The "Names Game": Harnessing Inventors' Patent Data for Economic Research

75 Pages Posted: 14 Sep 2006 Last revised: 6 Feb 2022

See all articles by Manuel Trajtenberg

Manuel Trajtenberg

Tel Aviv University - Eitan Berglas School of Economics; Centre for Economic Policy Research (CEPR); National Bureau of Economic Research (NBER)

Gil Shiff

Tel Aviv University - Eitan Berglas School of Economics

Ran Melamed

Tel Aviv University - Eitan Berglas School of Economics

Date Written: September 2006

Abstract

The goal of this paper is to lay out a methodology and corresponding computer algorithms, that allow us to extract the detailed data on inventors contained in patents, and harness it for economic research. Patent data has long been used in empirical research in economics, and yet the information on the identity (i.e. the names and location) of the patents' inventors has seldom been deployed in a large scale, primarily because of the "who is who" problem: the name of a given inventor may be spelled differently across her/his patents, and the exact same name may correspond to different inventors (i.e. the "John Smith" problem). Given that there are over 2 million patents with 2 inventors per patent on average, the "who is who" problem applies to over 4 million "records", which is obviously too large to tackle manually. We have thus developed an elaborate methodology and computerized procedure to address this problem in a comprehensive way. The end result is a list of 1.6 million unique inventors from all over the world, with detailed data on their patenting histories, their employers, co-inventors, etc. Forty percent of them have more than one patent, and 70,000 have more than 10 patents. We can trace those multiple inventors across time and space, and thus study the causes and consequences of their mobility across countries, regions, and employers. Given the increasing availability of large computerized data sets on individuals, there may be plenty of opportunities to deploy this methodology to other areas of economic research as well.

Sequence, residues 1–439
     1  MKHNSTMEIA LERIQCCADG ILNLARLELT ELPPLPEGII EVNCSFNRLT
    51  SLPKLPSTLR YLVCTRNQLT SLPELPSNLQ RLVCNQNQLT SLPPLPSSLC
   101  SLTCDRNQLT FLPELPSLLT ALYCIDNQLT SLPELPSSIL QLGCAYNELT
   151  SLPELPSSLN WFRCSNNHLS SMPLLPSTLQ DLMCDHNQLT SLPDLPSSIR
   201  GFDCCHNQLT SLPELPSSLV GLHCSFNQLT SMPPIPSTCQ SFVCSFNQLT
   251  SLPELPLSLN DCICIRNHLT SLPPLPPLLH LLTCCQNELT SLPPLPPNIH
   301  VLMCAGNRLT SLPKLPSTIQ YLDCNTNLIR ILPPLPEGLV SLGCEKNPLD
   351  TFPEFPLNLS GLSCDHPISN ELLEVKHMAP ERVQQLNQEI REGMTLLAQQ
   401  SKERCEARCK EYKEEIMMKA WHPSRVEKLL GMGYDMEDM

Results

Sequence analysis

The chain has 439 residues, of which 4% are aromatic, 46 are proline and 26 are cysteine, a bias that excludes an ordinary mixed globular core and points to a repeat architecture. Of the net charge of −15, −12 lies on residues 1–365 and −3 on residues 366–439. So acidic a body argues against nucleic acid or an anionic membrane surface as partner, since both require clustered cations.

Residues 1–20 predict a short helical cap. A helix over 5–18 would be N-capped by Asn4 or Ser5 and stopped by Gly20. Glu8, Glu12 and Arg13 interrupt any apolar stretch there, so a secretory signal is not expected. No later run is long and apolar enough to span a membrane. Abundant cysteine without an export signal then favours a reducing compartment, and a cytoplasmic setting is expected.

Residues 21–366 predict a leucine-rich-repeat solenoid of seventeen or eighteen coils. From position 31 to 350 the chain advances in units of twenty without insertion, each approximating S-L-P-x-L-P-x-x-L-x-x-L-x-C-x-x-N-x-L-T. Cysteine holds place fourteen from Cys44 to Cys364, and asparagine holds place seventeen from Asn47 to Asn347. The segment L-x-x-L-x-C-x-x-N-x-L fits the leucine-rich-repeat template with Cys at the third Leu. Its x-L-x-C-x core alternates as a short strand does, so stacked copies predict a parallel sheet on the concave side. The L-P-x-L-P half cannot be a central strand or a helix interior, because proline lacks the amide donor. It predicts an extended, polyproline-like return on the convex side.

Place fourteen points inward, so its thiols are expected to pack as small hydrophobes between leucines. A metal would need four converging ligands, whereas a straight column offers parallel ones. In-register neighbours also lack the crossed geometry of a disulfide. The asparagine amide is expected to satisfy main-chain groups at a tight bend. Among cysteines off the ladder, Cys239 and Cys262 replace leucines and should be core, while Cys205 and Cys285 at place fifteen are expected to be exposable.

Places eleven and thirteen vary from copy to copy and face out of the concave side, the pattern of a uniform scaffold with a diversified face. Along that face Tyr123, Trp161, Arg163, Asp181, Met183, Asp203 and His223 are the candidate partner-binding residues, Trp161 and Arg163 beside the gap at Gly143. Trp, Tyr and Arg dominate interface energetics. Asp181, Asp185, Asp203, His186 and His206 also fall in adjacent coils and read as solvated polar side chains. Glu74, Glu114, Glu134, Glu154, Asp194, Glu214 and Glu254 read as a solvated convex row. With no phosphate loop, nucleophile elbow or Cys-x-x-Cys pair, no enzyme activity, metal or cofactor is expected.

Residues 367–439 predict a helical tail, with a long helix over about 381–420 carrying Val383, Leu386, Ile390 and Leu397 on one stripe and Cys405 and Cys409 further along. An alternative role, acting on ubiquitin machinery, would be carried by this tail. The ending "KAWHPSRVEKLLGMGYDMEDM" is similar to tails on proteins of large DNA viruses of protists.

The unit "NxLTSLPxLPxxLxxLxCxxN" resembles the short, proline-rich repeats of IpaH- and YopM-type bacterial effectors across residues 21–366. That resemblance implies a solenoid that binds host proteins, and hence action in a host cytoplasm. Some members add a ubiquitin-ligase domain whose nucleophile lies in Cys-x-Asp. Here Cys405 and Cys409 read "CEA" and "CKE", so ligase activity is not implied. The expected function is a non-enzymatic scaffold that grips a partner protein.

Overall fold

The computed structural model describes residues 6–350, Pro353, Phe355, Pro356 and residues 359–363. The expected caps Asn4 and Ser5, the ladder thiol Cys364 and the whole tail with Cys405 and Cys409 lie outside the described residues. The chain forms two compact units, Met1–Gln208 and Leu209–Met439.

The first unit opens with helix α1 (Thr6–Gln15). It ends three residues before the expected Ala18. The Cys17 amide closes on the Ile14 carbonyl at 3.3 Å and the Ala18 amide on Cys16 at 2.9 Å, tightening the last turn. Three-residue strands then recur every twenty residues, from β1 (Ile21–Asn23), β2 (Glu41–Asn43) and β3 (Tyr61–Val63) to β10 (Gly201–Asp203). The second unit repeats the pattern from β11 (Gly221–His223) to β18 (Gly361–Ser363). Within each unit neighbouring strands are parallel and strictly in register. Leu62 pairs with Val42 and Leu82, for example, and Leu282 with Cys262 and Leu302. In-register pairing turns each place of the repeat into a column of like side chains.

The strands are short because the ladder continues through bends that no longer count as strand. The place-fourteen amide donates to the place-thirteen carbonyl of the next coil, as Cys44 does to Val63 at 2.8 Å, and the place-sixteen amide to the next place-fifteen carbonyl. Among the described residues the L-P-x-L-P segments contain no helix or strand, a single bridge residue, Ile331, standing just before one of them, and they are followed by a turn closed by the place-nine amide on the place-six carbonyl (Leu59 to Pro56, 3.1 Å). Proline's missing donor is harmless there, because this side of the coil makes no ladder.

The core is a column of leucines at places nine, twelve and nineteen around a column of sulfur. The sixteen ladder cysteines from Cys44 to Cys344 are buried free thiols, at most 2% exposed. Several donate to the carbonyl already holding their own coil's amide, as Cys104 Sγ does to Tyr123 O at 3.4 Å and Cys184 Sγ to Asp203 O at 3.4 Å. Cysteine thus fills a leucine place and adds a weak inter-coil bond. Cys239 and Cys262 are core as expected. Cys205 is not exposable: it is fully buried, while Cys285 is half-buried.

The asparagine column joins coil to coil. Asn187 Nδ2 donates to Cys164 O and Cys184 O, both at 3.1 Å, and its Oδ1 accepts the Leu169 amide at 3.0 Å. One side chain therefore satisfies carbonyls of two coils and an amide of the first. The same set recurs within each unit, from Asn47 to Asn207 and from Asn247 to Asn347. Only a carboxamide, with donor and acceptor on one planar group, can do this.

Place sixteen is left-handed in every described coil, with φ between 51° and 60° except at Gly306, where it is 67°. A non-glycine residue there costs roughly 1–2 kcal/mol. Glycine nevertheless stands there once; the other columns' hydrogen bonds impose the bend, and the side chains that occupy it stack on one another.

Suggested Citation

Trajtenberg, Manuel and Shiff, Gil and Melamed, Ran, The "Names Game": Harnessing Inventors' Patent Data for Economic Research (September 2006). NBER Working Paper No. w12479, Available at SSRN: https://ssrn.com/abstract=926058

Manuel Trajtenberg (Contact Author)

Tel Aviv University - Eitan Berglas School of Economics ( email )

P.O. Box 39040
Ramat Aviv, Tel Aviv, 69978
Israel
+972 3640 9911 (Phone)
+972 3640 9908 (Fax)

Centre for Economic Policy Research (CEPR)

London
United Kingdom

National Bureau of Economic Research (NBER)

1050 Massachusetts Avenue
Cambridge, MA 02138
United States

Gil Shiff

Tel Aviv University - Eitan Berglas School of Economics ( email )

P.O. Box 39040
Ramat Aviv, Tel Aviv, 69978
Israel

Ran Melamed

Tel Aviv University - Eitan Berglas School of Economics ( email )

P.O. Box 39040
Ramat Aviv, Tel Aviv, 69978
Israel

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